The other four red ear sliders came from my neighbors two houses down. These are the same people that gave me Betty and Wilma, the guine pigs, after Hurricane Wilma in October 2005.  In the spring of 2006 they saw my pond and asked if I could take in their hatchlings that had outgrown the small tank they were in.  The realized, like so many others, that turtles are NOT easy to keep in a tank indoors.  I readily took them in and have watched them grow in the six months I've had them.  I am always a little surprised how fast turtles and tortoises grow in an outdoor setting compared to an indoor one.  These four sliders will not be friendly and will try to bite when being held as they grow older. Its natural for them to be leery of people when they are living outside. For them, they don't know the difference between living in my pond or living in a lake, river or natural pond.  This is good though because it means that they are living in a more natural surrounding than a tank!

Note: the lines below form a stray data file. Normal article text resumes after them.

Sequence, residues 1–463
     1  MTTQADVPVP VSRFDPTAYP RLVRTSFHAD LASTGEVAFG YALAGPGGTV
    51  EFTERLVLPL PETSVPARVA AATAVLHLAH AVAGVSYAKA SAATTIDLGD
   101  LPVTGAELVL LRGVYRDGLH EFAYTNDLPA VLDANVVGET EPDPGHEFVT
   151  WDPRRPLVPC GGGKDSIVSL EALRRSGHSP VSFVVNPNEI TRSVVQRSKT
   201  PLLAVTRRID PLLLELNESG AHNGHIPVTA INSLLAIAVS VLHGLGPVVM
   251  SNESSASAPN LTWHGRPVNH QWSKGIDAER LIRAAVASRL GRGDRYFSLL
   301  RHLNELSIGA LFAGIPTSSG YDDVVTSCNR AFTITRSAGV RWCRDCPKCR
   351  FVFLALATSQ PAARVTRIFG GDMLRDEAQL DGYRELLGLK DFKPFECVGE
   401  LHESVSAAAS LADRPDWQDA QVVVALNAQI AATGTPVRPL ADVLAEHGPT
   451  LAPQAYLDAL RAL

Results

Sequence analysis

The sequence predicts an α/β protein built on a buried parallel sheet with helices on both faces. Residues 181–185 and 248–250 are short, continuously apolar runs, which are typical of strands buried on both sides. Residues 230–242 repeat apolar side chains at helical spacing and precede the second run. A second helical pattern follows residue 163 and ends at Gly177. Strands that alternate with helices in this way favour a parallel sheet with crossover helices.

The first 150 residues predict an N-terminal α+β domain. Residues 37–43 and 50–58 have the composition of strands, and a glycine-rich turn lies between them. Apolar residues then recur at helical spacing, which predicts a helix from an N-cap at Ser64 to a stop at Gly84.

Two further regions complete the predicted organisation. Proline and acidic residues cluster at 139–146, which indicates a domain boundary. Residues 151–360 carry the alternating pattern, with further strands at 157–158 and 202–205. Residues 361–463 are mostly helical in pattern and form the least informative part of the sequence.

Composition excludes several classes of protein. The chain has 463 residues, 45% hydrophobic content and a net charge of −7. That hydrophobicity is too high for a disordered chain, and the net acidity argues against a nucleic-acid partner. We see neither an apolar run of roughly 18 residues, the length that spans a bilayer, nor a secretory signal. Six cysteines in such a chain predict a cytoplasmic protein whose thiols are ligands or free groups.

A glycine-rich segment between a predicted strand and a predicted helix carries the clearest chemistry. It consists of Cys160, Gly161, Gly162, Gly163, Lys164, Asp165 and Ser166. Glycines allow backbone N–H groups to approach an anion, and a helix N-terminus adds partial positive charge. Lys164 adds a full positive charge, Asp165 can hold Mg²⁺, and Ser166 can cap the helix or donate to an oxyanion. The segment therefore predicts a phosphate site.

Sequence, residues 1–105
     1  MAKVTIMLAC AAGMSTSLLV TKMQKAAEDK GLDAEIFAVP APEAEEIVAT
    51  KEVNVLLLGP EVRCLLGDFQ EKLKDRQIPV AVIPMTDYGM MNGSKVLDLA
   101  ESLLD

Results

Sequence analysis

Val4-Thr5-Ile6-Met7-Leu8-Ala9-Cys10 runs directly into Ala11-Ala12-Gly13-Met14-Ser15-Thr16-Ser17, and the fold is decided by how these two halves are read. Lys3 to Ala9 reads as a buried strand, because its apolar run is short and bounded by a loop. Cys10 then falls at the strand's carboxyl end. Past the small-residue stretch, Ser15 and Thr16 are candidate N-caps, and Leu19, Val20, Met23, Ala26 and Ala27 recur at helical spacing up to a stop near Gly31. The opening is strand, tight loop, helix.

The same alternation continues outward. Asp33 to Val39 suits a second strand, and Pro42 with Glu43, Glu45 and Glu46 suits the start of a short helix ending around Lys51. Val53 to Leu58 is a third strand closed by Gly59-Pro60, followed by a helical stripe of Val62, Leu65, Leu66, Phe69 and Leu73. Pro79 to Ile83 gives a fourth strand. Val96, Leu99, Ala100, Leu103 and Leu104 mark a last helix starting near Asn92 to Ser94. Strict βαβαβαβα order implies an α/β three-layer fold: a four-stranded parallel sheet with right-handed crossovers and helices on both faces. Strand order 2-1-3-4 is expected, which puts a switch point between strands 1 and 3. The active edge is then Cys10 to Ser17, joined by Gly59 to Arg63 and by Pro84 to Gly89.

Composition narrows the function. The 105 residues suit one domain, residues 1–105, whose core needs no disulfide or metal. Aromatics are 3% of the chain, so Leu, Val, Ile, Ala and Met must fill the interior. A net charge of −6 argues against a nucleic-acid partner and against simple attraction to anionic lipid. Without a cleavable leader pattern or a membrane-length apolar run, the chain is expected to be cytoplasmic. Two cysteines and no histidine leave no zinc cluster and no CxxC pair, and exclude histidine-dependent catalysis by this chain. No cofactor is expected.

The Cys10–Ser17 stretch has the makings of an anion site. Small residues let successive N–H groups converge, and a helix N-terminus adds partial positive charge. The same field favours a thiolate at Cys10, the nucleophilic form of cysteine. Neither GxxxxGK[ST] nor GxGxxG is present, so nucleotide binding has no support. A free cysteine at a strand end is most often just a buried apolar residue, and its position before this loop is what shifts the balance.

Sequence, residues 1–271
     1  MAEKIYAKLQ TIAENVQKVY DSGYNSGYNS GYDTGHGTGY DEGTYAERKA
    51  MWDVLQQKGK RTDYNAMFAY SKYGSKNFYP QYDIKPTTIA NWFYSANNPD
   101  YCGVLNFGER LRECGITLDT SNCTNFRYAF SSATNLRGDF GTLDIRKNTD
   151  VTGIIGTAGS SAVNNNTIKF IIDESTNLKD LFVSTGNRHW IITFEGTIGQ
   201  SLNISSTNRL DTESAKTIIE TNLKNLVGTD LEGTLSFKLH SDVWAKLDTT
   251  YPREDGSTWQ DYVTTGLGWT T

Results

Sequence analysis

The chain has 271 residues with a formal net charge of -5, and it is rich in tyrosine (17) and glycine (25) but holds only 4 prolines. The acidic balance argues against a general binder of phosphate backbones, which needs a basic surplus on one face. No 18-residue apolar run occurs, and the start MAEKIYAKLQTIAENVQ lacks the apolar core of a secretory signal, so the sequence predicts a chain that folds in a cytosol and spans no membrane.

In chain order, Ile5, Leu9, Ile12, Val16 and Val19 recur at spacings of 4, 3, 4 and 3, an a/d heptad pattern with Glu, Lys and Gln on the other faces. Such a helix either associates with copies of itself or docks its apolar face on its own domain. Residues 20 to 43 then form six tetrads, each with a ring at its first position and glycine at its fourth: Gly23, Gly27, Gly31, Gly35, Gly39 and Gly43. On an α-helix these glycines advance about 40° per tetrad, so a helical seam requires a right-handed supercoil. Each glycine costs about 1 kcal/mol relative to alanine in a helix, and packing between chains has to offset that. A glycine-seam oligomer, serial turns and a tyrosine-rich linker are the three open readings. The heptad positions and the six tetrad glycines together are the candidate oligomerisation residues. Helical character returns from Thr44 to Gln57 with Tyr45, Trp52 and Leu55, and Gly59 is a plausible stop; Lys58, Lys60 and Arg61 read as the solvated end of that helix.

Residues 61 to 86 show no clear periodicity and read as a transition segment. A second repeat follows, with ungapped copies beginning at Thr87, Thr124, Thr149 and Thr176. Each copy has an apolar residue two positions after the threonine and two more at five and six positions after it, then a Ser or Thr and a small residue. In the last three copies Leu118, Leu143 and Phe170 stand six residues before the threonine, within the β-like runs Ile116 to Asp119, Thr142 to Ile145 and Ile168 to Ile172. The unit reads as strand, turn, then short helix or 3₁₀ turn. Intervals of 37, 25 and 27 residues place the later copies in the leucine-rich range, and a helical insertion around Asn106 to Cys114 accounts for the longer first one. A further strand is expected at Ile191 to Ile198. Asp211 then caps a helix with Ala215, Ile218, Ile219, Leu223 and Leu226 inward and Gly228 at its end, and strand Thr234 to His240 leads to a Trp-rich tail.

As I said on my turtle page, I do not recommend keeping turtles indoors unless they are hatchlings which should be kept indoors until they are big enough to live outside, or if you live in a cold winter climate, then they should be housed indoors until the summer. Red ear sliders are about the biggest pond turtles in the pet trade that you can get. They grow TOO large to adequately be kept indoors!!!  If you raise hatchlings indoors you still need to have a tank large enough for them, a basking area and the UV ray lights. Do your research on this before getting the hatchlings.  A trip to the local reptile shop can get you set up with everything you need but it will deflate your wallet quite a bit. The cute little darlings that are only a few bucks a piece will cost you over a hundred dollars in equipment and cause you a lot of work - so just remember that! My advice - adopt an adult from a local reptile rescue group and put it in an outdoor pond. Enough said!